This approach reduces the coupling enough to be a flexible solution. It can be reused without any problems of scalability.

Disadvantages
It is a bit more complex than the other approach, and it is a lot bigger in number of classes. The other approach had 4 classes involved, this approach has 5.

· .Net Implementation
C# is a piece of beauty. The less coupled approach is a great implementation, don’t get me wrong, but it is still a lot of code. Well don’t worry, for C# we have a concept called ‘Delegates’ which simplifies the Observer pattern a lot.

Let’s see the implementation of the observer pattern using Delegates, shown below is the Subject’s implementation:

using System;

namespace DotNetObserverPattern
{
    /// <summary>
    /// Class that represents a subject in the observer pattern.
    /// </summary>
    public class MySubject
    {        
        /// <summary>
        /// Delegate that represents a notify handler.
        /// </summary>
        public delegate void NotifyHandler(object Subject);

        /// <summary>
        /// Notify Event Handler.
        /// </summary>
        public event NotifyHandler NotifyEvent;

        /// <summary>
        /// Default Constructor.
        /// </summary>
        public MySubject()
        {
        }
        
        /// <summary>
        /// Notifies all registered observers.
        /// </summary>
        public void Notify()
        {
            if(null != NotifyEvent) {
                this.NotifyEvent(this);
            }
        }        
    }
}

As you can see there is no need for an interface ISubject or a SubjectHelper. Everything is already done with the delegates publish/subscribe mechanism. It is simply a piece of beauty.

Now let’s see the Observer implementation:

using System;

namespace DotNetObserverPattern
{
    /// <summary>
    /// Class that represents an observer in the observer pattern.
    /// </summary>
    public class MyObserver
    {        
        /// <summary>
        /// Default Constructor.
        /// </summary>
        public MyObserver()
        {
        }

        /// <summary>
        /// Triggers an update in the observer class.
        /// </summary>
        /// <param name="subject">Object reference of the subject updating.</param>
        public void Update(Object subject)
        {
            if(subject is MySubject) {
                // Do some work....
            }
        }
    }
}

Also very simple.

Advantages
It is very simple. It is not tightly coupled. It just takes a few lines of code.

Disadvantages
None that I could think of at the time of witting this post.

· Conclusion
The three implementations work and they follow the Observer pattern policy. Each one has its advantages and disadvantages. I obviously use the .Net implementation, since it is a lot simpler and more robust.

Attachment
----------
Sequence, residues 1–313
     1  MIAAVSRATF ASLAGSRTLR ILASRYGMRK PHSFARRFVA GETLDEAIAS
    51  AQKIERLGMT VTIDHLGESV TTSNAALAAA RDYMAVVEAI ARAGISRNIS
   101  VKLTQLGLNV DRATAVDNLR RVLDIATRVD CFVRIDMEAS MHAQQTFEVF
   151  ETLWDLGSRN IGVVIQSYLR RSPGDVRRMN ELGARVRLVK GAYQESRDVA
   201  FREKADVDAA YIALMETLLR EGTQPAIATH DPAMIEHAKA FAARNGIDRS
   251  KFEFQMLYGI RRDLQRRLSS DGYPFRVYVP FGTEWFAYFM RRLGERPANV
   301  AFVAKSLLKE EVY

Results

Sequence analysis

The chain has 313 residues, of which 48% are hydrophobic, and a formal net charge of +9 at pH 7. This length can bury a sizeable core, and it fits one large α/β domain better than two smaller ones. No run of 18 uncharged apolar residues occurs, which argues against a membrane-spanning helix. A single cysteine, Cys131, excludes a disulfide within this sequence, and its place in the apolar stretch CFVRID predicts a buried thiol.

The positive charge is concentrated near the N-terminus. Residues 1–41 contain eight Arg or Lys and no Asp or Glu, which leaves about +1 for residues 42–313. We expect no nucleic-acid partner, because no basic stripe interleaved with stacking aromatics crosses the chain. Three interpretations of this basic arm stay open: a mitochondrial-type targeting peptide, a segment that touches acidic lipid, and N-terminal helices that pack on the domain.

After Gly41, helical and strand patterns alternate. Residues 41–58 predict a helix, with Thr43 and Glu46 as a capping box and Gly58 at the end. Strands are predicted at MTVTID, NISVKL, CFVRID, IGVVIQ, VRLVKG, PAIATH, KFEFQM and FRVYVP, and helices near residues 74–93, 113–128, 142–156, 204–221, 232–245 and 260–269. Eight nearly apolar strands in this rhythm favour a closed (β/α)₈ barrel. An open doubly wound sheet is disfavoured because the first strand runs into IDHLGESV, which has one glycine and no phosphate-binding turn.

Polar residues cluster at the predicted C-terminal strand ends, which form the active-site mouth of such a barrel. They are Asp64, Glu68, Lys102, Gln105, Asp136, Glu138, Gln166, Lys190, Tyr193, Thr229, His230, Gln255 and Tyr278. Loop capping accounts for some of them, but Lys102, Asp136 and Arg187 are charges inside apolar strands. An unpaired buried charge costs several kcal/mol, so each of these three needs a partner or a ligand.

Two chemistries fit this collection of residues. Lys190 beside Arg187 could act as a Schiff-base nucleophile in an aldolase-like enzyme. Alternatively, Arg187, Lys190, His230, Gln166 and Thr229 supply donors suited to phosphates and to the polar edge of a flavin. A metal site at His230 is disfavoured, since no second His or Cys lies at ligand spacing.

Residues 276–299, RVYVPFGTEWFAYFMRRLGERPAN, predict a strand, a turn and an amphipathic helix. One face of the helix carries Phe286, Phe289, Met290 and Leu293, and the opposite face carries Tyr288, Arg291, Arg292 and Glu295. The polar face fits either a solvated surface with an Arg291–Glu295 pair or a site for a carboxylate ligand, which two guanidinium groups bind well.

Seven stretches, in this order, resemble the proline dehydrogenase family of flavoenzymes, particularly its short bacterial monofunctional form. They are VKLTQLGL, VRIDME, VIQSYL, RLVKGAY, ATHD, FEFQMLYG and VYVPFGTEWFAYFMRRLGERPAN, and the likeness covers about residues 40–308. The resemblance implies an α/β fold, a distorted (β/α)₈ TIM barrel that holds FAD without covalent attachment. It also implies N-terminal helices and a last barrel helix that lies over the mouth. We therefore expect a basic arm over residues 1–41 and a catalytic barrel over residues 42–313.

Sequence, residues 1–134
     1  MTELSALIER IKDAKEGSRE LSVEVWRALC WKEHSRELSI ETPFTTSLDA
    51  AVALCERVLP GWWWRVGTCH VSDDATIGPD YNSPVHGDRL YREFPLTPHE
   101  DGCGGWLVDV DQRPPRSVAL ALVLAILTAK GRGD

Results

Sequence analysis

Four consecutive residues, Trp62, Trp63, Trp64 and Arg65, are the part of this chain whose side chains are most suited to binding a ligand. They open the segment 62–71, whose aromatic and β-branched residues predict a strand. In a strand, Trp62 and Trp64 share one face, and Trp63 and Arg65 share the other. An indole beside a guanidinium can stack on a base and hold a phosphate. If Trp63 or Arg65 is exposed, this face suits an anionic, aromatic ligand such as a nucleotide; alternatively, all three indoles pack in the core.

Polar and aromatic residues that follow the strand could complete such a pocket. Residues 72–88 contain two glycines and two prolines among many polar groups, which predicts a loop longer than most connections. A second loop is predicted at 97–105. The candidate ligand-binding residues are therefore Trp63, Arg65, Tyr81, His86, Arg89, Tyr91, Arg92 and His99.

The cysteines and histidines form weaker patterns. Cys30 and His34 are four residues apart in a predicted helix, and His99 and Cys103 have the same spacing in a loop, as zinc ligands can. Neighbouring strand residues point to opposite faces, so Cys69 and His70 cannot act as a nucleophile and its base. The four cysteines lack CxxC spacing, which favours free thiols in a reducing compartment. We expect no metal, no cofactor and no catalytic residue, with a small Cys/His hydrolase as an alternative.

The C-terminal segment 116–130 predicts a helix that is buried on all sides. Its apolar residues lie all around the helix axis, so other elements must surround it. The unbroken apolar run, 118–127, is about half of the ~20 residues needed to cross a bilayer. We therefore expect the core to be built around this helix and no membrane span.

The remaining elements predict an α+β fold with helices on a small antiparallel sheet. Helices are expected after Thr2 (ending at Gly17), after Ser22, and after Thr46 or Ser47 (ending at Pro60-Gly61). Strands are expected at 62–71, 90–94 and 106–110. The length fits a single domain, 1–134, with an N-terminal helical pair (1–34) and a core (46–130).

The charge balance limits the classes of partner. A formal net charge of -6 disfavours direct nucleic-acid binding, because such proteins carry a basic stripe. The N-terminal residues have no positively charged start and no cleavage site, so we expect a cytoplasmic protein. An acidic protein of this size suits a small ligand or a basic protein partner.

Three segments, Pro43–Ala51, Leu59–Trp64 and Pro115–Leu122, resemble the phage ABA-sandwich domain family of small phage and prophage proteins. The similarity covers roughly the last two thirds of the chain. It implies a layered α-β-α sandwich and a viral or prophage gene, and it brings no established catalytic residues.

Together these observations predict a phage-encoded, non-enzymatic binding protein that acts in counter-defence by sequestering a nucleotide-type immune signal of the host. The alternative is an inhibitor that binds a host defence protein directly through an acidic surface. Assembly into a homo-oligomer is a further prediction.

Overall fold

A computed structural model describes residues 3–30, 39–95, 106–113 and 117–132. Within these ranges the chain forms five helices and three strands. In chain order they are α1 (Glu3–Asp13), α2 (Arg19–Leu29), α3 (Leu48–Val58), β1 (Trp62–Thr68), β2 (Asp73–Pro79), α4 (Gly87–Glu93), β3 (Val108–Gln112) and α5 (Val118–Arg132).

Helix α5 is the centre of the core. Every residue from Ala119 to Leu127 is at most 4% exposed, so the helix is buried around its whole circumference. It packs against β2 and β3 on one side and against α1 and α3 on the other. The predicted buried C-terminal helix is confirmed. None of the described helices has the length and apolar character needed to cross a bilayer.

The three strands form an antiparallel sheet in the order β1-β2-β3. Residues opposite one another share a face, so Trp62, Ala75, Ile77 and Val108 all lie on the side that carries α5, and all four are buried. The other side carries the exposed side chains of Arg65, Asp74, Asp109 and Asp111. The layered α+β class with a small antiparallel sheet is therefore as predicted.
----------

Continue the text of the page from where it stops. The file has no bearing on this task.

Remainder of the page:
Implementing a Singleton in C# Reloaded.

// June 9th, 2006 // Comments Off on Implementing a Singleton in C# Reloaded. // .net, design patterns, software development

Thanks to an anonymous friend, I began reading a really interesting document, which exposes some holes in my design implementation for a Singleton.

Jon shows five code blocks, from which the first four are similar to the ones I displayed in my original post. I found several differences which I will explain in just a moment. The fifth code block, seems pretty elegant and interesting; but I think it is not always required. It is too much hassle for me.

But the fourth implementation seems a lot like mine, with a few interesting differences which I should have noticed before. First of all, Jon prevents inheritance explicity with the ‘sealed’ keyword. When I developed my version, I was aware that if the constructor is private and unique, then there could be no subclassing. But as he pointed out, using the ‘sealed’ keyword provides the JIT a way to optimize the code. This I didn’t know. I guess I need to focus a little more on optimization.

The other main difference is the use of the ‘readonly’ keyword while declaring the private static instance. The ‘readonly’ keyword is used when you want to declare a constant variable with the difference that you don’t know the value at compile time. This means that if you need a variable whose value is only determined at runtime, using the readonly, when that variable gets its value, it can never change. It is like a const with one chance to stablish a value at runtime.

Using the ‘readonly’ keyword reinforces the pattern policy: To only have one instance. The way I see it, there is no way that you can change the value of instance in my implementation, even without the ‘readonly’ keyword. But hey, I’m not omnipotent, so I better make sure there is no way that can be done. The ‘reaonly’ keyword then is a great help maintaining the pattern true to its objective. This is what I call Defensive programming.

Using the ‘sealed’ and ‘readonly’ keyword, I’m making sure that pattern stays uncorrupted. It is a defensive approach, and it works.

Ok, after all that babble, here is the final code for the Singleton Implementation in C# (which is in fact the Fourth escenario in Jon’s document) :

/// <summary>
/// Class that represents an implementation for the Singleton Pattern in C#
/// </summary>
public sealed class MySingletonClass
{   
    private static readonly MySingletonClass instance = new MyClassSingletonClass();